PROSPECTING: From Web to print to Web

Multichannel marketing gives rise to new uses of Internet lists

In the latest wrinkle on multichannel marketing, a number of catalogers are renting the postal addresses of Internet buyers, then mailing these prospects direct mail pieces to drive them to their Websites.

Licensed sports team apparel cataloger Star Struck is one such marketer. Marketing manager Missy Robinson says that, following several successful tests, Bethel, CT-based Star Struck will go ahead with a full-blown program this holiday season. Instead of mailing a full-fledged catalog to prospects, the cataloger will mail a flier advertising the Website to drive traffic online. Star Struck sees this as a cheaper way of acquiring customers than mailing a catalog, Robinson says.

Star Struck receives 70%-80% of its rental names through cooperative databases such as the Abacus Alliance. During the holidays, Star Struck typically ups its prospecting efforts by about 20%-30% by also using traditional mailing lists, such as Sports Illustrated’s subscriber file. But this year, the cataloger will rent the street addresses of Sports Illustrated subscribers who have purchased from the magazine’s Website.

But renting the postal addresses of proven Web buyers has its own costs. Internet buyer selects are usually more expensive than the more traditional recency, frequency, and monetary value selects on most lists.

For instance, the three-month buyers select for apparel cataloger J. Crew’s file costs $125/M, says Bob Stein, senior sales executive at Hackensack, NJ-based list firm Mokrynski & Associates. But the postal addresses for J. Crew’s three-month online buyers file cost $170/M.

Adding the Internet buyer select

If you make your list available for rent, and you market via both print and Web catalogs, you should consider adding the Internet buyer select to your list. Michelle Feit, president of Pearl River, NY-based e-PostDirect, a spin-off of list firm Edith Roman, says failure to do so could cost you additional list revenue. “Everybody is doing offline marketing to drive their customers to the Web,” she says.

According to Mokrynski & Associates’ Stein, catalogers looking to add the Internet select should compare the prices of competitors offering that select to determine how much to charge for Web buyer names. And don’t feel that you have to wait till you have, say, 10,000 Web buyers before you can start to offer this select. “All those names are responsive and hot,” Stein says.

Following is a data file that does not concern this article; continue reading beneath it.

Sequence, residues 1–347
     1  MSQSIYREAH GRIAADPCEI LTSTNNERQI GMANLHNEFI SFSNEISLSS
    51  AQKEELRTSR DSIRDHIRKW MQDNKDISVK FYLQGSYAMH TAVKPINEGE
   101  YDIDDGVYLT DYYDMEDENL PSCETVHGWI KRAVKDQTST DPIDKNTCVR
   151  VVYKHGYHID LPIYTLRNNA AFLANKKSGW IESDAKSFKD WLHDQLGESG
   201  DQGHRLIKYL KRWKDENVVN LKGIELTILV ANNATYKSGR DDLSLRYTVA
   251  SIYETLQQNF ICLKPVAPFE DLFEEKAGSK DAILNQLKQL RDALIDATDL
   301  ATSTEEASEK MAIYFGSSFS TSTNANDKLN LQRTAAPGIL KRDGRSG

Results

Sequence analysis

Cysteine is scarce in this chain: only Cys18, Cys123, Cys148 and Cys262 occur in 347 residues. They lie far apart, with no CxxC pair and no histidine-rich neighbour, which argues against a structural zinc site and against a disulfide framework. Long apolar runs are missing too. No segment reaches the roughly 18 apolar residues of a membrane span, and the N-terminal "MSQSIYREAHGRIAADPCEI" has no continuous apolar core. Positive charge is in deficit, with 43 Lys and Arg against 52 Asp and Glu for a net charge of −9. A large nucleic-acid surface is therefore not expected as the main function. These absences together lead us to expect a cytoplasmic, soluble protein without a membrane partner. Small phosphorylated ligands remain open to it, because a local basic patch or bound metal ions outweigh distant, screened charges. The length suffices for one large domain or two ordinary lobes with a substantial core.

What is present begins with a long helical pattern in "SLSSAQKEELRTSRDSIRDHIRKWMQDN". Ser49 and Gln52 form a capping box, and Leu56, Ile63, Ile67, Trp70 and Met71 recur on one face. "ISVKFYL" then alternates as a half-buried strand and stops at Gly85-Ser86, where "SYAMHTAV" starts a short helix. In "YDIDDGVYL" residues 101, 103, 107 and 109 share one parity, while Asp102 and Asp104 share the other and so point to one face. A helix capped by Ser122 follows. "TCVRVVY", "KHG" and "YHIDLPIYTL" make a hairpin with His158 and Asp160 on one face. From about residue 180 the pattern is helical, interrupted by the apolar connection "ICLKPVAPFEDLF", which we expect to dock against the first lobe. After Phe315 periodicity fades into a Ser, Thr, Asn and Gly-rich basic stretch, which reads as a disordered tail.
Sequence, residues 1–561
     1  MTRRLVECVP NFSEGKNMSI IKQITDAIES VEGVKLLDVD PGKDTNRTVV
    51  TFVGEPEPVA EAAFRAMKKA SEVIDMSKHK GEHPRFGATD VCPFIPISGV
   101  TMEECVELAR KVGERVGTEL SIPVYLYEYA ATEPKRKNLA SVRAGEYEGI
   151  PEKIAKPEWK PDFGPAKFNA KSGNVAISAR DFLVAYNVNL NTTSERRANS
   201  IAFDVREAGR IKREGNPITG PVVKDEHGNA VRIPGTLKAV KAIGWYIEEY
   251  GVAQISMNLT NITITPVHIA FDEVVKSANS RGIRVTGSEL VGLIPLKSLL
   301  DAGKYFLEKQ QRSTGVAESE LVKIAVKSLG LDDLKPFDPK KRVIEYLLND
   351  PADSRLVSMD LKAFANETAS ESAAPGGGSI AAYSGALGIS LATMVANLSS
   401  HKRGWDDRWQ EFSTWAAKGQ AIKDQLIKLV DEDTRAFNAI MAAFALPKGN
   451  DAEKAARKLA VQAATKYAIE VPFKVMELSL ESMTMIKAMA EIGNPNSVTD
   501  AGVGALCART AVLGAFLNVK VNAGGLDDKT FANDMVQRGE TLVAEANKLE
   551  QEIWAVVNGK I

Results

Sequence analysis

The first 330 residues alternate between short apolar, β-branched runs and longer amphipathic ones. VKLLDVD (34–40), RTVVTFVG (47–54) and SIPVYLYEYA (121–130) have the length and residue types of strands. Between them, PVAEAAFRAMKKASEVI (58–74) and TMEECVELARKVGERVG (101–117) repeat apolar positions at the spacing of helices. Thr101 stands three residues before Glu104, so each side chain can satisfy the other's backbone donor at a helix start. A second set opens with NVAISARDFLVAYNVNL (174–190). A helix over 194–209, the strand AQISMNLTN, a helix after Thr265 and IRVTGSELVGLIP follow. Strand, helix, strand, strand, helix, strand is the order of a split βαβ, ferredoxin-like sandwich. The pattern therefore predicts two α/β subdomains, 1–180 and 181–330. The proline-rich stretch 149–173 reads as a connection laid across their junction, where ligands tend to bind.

The e-mail select

This is not to say that e-mail selects on catalog mailing lists are now passe. “Savvy catalogers are asking for e-mail names connected to traditional lists,” says Roy Schwedelson, president of Boca Raton, FL-based list firm Worldata, which offers a significant number of e-mail-related lists. He says more of his clients are asking for e-mail selects than ever. “There’s a big crossover right now between the Generation Xers [those born between 1965 and 1980] and Generation Y [born after 1980] who are connected to the Internet from both their home and business.”

But again, e-mail address selects are not cheap. In fact, addresses with opt-in e-mail addresses are even more expensive than the postal addresses of online buyers. Consumer lists with opt-in e-mail names will run about $250/M-$350/M, says ePostDirect’s Feit, while business-to-business lists with opt-in e-mail selects cost about $400/M-$500/M. And unlike the postal address selects of Web buyers, opt-in e-mail names are not necessarily proven buyers. Many of these consumers have simply opted to receive an e-mail newsletter.

Worth the risk?

Given that e-mail names aren’t necessarily online or print catalog buyers, renting those names may seem like a risky and expensive proposition for mailers. But catalogers that want e-mail selects have few other choices, considering that many marketers are hoarding their lists of proven Internet buyers rather than offering the names for rent. Opt-in e-mail names, Schwedelson says, “are the best we have right now.”

During its yearlong existence on the Web, Framingham, MA-based Toysmart advertised in its private policy statement that it would never share customer data with a third party. But now the failed online toy marketer is feverishly shopping its assets – including its customer database – on the open market.

If you are considering buying Toysmart’s list – or that of any other now-defunct i.merchant – you should probably think again. At press time, the U.S. government was trying to block the sale of Toysmart’s database, claiming that customers had been assured that their information would not be made for sale to another party.

“If the marketer had something as explicit as Toysmart had in its privacy statement, I would stay away from that list, because the customer has told you in effect they would not accept offers from a third party” says Chad Slater, vice president of Stamford, CT-based list company MeritDirect. “As a mailer, I want to mail only to receptive customers. So what good is that list?”

Marketers also need to find out exactly how a dot-com company acquired its customer names before they make any sort of offer. Many Internet companies loaded their product offerings with heavy bonuses, discounts, and premiums to attract buyers, Slater explains, so these customers may not work well for full-price offers.

For instance, when now- defunct online pet products retailer was soliciting customers, it was offering a promotion of two bags of pet food for the price of one. Unless your company is prepared to offer these customers the same types of premiums, Slater says, you might want to pass.

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